MUMBAI: Anna Hazare’s movement towards cleaning out our political system has had a snowball effect on Dibakar Banerjee’s political thriller Shanghai.
Banerjee, who is making a film on political cleansing, has gone many steps further. He has launched into an indepth re-assessment of the political content in his film Shanghai.
Banerjee’s film is about the great divide between the common and politicians.
Banerjee tells Businessofcinema.com, “So far we’ve only thought of politicians as entities from another planet far removed from us. This divide between the electorate and the politician has kind of blurred with Anna Hazare. Yes, my film will certainly take note of the fact that many weaknesses in our political system comes from our view of politicians as unreachable and inaccessible creatures sitting on a high perch where they can get away with anything.”
It’s not too sure if Banerjee’s film will actually have an Anna Hazare-like figure in the plot. But he is certainly including into Shangahi Hazare’s thoughts and their impact on Indian politics in the last one week.
Banerjee is no stranger to Hazare’s ideas. When the filmmaker decided to adapt a Greek political thriller into the Indian context Hazare was one of the architects in the translocation from Greek to Indian politics.
The director wants to sound a note of caution in the wave of optimism that has swept into Hazare’s Hindustan.
He says, "I am relieved and hopeful at Anna Hazare’s breakthrough with corruption. But I have kept my finger’s crossed. The original Lok Pal Bill was introduced in 1969 and kept turning up in five to six or more successive Lok Sabhas and Rajya Sabhas. It was killed everytime. Anna Hazare’s fast was aimed at the the chicanery of the Government trying to pass a toothless version of the original act. If he hadn’t done this, we would have sat by and the Bill would have come to force without us even knowing about it."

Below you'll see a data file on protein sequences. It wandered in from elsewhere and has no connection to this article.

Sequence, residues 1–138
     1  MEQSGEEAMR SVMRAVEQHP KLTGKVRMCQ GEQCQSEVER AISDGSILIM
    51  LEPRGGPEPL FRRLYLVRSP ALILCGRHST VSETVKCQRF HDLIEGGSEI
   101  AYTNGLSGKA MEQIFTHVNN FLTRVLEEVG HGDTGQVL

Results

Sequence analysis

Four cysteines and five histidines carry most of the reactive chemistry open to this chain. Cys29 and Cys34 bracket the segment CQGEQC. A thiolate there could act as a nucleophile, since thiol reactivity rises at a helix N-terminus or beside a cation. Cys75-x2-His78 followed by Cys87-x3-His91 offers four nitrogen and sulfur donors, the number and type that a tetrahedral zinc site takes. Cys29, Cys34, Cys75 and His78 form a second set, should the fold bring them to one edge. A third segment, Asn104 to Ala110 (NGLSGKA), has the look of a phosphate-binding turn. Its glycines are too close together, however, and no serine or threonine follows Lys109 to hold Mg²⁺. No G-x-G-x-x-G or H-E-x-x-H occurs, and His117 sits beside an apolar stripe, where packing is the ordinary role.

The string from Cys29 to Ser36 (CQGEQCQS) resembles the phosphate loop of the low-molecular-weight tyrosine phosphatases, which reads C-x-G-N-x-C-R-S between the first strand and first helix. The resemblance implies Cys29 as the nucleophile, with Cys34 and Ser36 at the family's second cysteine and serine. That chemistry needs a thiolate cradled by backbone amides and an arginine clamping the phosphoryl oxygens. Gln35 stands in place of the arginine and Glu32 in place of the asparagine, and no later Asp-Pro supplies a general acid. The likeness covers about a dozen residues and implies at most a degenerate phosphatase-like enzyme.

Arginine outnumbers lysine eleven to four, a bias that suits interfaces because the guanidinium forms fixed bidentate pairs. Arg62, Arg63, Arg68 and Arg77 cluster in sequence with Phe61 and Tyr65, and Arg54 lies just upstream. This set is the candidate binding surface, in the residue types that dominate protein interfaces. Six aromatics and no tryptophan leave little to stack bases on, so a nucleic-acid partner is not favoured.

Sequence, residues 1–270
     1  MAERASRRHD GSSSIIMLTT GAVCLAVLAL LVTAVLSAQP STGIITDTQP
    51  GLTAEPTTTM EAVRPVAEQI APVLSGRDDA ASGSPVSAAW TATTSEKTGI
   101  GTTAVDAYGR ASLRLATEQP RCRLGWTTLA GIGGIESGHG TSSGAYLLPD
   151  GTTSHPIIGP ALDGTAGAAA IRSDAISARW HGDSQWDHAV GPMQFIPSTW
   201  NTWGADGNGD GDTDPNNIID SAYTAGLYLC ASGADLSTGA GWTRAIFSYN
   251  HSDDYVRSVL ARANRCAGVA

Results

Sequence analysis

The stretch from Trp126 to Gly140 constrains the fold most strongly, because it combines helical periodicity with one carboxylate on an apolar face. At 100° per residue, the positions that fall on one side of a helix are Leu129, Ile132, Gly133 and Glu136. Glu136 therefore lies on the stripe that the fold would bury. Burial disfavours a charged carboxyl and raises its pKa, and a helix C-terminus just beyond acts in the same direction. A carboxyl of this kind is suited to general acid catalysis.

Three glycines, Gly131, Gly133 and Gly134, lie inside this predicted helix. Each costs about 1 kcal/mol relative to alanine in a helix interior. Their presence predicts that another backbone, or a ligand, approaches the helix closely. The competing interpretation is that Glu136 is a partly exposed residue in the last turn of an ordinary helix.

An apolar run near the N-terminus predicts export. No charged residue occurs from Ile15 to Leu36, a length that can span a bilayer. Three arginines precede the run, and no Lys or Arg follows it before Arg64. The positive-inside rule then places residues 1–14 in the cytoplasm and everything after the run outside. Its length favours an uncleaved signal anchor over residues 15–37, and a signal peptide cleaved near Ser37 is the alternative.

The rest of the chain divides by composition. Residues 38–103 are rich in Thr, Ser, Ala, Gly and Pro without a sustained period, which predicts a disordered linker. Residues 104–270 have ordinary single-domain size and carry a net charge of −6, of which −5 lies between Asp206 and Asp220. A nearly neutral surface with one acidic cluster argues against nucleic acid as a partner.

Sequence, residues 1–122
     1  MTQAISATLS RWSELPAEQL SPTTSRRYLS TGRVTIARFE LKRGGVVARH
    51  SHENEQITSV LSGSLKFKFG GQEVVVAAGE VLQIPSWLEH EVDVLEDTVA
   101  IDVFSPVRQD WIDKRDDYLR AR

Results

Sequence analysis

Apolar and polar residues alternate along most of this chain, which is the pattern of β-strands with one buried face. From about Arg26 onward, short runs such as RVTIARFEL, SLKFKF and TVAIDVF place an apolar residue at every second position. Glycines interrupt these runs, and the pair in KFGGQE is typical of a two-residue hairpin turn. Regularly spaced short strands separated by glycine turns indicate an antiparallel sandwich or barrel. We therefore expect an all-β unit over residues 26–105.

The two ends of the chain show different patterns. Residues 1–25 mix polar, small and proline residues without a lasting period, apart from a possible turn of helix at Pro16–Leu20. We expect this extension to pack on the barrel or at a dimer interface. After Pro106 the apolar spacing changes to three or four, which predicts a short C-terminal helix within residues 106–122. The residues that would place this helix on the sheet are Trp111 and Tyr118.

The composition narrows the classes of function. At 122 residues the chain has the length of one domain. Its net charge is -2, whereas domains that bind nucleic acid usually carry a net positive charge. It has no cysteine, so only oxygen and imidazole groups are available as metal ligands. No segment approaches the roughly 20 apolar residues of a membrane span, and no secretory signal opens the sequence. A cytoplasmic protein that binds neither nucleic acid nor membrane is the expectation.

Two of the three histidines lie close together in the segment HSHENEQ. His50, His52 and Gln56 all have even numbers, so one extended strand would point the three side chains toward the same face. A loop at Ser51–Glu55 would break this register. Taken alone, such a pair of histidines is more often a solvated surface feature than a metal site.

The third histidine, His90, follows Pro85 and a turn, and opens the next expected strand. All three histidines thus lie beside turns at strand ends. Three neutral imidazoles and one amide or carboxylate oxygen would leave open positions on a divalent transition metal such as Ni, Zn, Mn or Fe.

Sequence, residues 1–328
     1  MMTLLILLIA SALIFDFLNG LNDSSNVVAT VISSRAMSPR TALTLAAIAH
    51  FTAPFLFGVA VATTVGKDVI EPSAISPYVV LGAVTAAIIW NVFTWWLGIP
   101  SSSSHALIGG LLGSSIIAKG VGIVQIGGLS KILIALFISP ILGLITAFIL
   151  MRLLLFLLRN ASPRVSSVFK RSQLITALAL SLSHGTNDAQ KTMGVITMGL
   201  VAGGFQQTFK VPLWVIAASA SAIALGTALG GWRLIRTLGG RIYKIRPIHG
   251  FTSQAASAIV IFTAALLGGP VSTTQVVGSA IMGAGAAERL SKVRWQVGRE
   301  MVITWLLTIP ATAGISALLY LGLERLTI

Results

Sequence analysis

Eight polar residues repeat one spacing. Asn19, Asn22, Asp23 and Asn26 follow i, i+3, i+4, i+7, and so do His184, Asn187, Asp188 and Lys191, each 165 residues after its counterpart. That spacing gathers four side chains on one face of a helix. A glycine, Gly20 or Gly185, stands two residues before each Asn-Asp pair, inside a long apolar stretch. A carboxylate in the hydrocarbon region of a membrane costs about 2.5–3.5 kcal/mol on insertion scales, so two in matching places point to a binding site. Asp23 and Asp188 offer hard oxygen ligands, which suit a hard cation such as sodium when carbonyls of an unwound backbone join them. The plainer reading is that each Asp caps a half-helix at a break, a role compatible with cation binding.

Banerjee feels the central government has relented only temporarily. “Just look at the new drafting committee that has promised to change the Bill. Four cabinet ministers in it. Why? Why on the drafting commitee of a Bill that mainly aims to get corrupt politicians in power?”
Dibakar, who has been following Hazare’s work long before the current upsurge of solidarity, feels there is enough reason to be optimistic about the future. In fact Dibakar’s dark script on Indian politics for Shanghai has become many shades brighter after the events of the past seven days.
He adds, “Anna Hazare’s work is epic and truly revolutionary. Anyone who visits the green, fertile belt of Maharashtra changed over by his Drip Irrigation Initiative will know what civil initiative can bring. Therefore our jubilation must be guarded and we should be watchful of what the government does next. That will be the true tribute and gratitude to his work. We can’t let them get away again.”